Identity theft and data security top the consumer concern list. From data breaches to credit and debit card compromises, more and more consumers are impacted. Unfortunately, it’s no longer a question of if your data will be stolen but when.
A new crop of businesses now promise consumer protection. Some offer “dark web” checks. The dark web can’t be accessed by commonly used web browsers — you need a special browser to get there. The dark web isn’t all bad but it’s the place to buy and sell stolen personal information, often with Bitcoins or cryptocurrency. Businesses offering dark web monitoring may let you know your information is for sale. But they can’t remove the information once posted. When you are not dealing with legitimate agencies, they don’t cooperate with fraud victims.
Be aware of dark web monitoring limitations. Don’t pay for promises that can’t be kept. But dark web monitoring can let you know if your information is posted. This way, you can take your own action to limit your information’s use. Do this through credit freezes or two-step verification for online purchases.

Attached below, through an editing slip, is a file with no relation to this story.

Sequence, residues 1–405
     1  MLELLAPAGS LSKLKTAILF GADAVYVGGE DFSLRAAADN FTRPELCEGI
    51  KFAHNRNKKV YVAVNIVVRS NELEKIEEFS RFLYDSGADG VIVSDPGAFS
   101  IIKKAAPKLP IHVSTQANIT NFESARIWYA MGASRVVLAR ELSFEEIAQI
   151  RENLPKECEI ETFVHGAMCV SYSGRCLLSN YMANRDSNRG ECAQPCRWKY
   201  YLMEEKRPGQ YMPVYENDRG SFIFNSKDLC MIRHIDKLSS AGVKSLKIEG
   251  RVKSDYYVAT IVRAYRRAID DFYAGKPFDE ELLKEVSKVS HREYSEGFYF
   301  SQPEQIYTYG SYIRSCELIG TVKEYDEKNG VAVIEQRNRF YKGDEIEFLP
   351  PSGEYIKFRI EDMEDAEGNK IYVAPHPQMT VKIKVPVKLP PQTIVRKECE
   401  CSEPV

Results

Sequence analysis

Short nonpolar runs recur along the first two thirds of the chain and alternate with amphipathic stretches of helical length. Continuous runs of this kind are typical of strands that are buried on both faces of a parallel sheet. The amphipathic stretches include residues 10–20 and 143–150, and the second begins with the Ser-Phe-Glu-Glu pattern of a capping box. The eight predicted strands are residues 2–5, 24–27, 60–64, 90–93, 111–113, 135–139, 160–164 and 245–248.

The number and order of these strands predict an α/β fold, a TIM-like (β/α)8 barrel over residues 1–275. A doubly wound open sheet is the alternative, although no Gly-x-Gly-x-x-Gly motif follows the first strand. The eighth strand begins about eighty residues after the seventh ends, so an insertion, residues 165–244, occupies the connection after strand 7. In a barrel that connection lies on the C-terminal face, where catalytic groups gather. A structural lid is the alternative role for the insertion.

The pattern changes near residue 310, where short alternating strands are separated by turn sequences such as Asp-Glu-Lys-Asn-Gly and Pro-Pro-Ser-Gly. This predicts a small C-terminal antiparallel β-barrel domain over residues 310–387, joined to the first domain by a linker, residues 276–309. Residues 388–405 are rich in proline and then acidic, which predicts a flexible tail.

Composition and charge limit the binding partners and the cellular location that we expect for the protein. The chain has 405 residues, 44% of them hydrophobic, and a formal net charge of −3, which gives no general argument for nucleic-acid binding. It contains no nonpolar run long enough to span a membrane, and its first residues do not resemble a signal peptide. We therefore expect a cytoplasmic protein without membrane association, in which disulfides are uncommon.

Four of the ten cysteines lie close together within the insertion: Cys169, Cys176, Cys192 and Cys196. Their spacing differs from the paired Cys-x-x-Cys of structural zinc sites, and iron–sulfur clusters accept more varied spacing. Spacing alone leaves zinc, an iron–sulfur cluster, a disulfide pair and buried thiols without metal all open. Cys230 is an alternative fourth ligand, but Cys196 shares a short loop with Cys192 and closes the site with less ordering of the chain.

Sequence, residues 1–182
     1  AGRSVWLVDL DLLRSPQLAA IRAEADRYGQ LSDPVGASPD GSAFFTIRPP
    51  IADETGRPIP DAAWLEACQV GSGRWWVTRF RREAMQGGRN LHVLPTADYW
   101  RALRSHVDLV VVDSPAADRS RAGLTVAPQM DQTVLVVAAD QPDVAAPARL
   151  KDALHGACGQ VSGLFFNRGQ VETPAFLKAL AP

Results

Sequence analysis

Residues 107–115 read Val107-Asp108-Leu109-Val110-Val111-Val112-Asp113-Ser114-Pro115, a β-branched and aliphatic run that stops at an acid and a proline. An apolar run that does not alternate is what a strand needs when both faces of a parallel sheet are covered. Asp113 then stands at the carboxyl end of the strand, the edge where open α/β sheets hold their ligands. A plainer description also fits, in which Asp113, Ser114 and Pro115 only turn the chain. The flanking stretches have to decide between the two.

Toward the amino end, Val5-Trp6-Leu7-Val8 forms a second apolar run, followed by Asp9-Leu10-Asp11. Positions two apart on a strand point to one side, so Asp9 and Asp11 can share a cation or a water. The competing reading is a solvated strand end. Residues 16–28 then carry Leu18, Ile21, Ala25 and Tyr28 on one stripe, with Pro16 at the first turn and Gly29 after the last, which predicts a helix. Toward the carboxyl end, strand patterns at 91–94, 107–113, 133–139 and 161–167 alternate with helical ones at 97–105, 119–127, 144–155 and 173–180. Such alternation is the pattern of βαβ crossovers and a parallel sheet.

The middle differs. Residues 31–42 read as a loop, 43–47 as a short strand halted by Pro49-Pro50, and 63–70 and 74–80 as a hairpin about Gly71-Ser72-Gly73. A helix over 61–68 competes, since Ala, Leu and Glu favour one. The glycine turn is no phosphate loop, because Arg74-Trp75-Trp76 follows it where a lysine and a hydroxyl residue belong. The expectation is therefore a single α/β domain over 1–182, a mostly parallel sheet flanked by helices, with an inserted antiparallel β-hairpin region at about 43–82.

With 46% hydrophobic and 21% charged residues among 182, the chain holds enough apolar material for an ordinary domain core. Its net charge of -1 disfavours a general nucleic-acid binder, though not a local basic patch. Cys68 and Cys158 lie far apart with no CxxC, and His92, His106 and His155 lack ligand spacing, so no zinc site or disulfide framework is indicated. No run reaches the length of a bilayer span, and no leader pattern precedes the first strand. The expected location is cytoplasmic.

The Consumer Federation of America’s survey shows that 36% of consumers don’t understand dark web monitoring services. Check out the survey results and other helpful tips at https://consumerfed.org/consumers-are-in-the-dark-about-dark-web-monitoring-services/.
If your information has been compromised and you’re contacted by unfamiliar creditors or debt collectors, contact a lawyer for help. The federal Fair Debt Collection Practices Act and Fair Credit Reporting Act and state fraud laws provide redress for identity theft victims.